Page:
Last updated on 2013.01.29
Governor Dennis Daugaard says that one purpose of his merit bonus proposal for the top 20% of teachers in each school district is "to attract more of our talented young people into the teaching profession."
Let's review the average salaries for teachers (academic year 2011) in South Dakota and surrounding states:
|State||Avg teacher pay 2010-11||Cost of Living 2010 Q4 (US = 100)||Avg. teacher pay adjusted for cost of living||Regional Price Parity 2005-9||Avg. teacher pay adjusted for RPP|
So suppose you're a young person considering a career in teaching. You compare Governor Daugaard's offer with the average pay in surrounding states. You could stay in South Dakota and have a one-in-five chance of getting an extra $5,000 a year. Or you could go to any adjoining state and have a one-in-one chance of getting at least $9,000 a year. Factor in regional price parity, and even if you get the $5,000 bonus, you still have $3,146 less in purchasing power than your slacker colleagues across the border in Montana.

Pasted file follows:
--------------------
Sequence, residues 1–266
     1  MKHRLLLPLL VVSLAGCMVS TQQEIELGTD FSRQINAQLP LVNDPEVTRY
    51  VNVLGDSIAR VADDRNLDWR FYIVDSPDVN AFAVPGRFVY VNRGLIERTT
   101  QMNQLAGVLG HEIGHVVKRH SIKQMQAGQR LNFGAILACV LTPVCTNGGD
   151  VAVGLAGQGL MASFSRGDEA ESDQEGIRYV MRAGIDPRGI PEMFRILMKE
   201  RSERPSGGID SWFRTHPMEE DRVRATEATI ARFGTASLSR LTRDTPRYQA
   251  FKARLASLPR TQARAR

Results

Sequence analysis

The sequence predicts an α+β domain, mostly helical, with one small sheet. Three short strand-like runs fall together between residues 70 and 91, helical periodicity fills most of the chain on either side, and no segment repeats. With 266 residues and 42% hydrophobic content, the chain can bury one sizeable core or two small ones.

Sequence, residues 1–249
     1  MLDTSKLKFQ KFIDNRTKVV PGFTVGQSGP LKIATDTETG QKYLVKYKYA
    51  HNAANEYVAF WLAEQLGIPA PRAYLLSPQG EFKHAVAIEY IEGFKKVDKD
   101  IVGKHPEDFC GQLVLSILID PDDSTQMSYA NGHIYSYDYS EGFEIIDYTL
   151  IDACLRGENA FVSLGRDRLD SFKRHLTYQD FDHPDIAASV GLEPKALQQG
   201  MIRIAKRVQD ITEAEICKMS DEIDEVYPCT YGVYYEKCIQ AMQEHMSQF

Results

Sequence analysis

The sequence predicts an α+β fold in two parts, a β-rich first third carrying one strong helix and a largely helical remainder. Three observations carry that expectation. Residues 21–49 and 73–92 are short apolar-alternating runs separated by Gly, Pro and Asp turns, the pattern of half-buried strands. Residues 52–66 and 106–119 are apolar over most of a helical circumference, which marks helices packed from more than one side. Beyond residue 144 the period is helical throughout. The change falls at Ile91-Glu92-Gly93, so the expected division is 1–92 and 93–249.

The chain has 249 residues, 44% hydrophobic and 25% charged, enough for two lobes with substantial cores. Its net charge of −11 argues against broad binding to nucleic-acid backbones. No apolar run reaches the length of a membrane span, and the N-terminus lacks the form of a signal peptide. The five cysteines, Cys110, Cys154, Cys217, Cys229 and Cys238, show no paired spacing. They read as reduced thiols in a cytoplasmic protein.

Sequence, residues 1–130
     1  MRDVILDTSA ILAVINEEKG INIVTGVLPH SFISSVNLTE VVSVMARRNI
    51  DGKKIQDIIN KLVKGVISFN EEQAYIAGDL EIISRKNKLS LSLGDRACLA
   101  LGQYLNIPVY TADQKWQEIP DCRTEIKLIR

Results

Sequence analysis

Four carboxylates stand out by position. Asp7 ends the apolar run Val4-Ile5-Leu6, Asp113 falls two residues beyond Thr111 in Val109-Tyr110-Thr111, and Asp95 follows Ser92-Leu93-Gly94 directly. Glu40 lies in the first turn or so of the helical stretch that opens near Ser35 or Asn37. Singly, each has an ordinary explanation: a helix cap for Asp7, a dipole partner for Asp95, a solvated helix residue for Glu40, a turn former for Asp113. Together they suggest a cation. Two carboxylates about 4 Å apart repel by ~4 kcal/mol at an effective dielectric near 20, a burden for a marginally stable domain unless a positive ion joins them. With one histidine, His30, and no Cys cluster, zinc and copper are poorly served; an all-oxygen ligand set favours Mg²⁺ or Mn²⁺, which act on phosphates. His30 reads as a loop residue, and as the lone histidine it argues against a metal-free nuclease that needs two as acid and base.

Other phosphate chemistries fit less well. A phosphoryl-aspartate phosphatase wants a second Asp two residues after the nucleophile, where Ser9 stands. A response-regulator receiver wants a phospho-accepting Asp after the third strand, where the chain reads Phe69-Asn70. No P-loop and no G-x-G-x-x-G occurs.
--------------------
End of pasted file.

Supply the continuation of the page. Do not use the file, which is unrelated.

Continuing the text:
Of course, if you go into teaching math, you get another $3,500 under Daugaard's plan every year. But if you're that good at math, you'll recognize that the expected value of your hanging around in South Dakota is still $8,000 less than the average purchasing power you'll enjoy in a neighboring state.
And you'll realize that the Governor's math for attracting young people to teach in South Dakota doesn't add up.